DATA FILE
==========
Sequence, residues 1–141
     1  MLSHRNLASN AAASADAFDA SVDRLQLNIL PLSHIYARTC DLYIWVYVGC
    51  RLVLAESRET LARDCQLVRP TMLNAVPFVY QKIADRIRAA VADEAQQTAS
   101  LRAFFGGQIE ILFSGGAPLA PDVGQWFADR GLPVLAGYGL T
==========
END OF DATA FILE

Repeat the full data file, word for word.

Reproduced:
Sequence, residues 1–141
     1  MLSHRNLASN AAASADAFDA SVDRLQLNIL PLSHIYARTC DLYIWVYVGC
    51  RLVLAESRET LARDCQLVRP TMLNAVPFVY QKIADRIRAA VADEAQQTAS
   101  LRAFFGGQIE ILFSGGAPLA PDVGQWFADR GLPVLAGYGL T